WSJ: One Friday in March, with investment bank Bear Stearns Cos. teetering toward collapse, the chieftains of U.S. financial regulation dialed into a 5 a.m. conference call to craft a bailout plan. When they were done, the Treasury secretary informed the president. The head of the Federal Reserve Bank of New York called Bear Stearns.
Christopher Cox, chairman of the Securities and Exchange Commission, didn’t call anyone. Though the SEC was Bear Stearns’s regulator, he didn’t take part in the meeting.
In an interview, Mr. Cox said the time of the call changed overnight and no one told him. SEC staff members were on the early call and Mr. Cox says he was involved in calls later that day and throughout the weekend with his peers…
The next night, as Fed and Treasury bosses negotiated a bailout, Mr. Cox was at a birthday party. He was missing from a Sunday conference call announcing the sale of Bear Stearns and the Fed’s plan to lend funds to investment banks. The following weekend, he left town for a family vacation.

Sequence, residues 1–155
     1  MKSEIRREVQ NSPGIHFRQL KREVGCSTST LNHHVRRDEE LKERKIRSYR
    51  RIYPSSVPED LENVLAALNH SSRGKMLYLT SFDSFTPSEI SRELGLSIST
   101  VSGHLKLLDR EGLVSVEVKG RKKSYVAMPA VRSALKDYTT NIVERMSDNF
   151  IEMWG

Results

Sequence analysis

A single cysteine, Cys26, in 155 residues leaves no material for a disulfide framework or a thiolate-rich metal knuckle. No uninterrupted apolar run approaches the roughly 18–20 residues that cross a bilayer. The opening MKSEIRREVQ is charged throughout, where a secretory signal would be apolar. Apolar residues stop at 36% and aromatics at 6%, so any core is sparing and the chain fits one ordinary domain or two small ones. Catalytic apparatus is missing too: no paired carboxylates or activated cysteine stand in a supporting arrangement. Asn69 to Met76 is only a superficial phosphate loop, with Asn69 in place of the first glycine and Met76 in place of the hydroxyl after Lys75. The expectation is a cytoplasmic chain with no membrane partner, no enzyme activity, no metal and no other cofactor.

Cox and his colleagues go on to stress that the SEC didn’t need to be that involved in the Bear Stearns situation and that he checked in frequently from the Caribbean.
Upon his return, however, Cox was quick to publicly pardon Bear Stearns CEO Alan Schwartz, who some assumed had lied on CNBC about Bear Stearns’ financial condition two days before the firm’s collapse.
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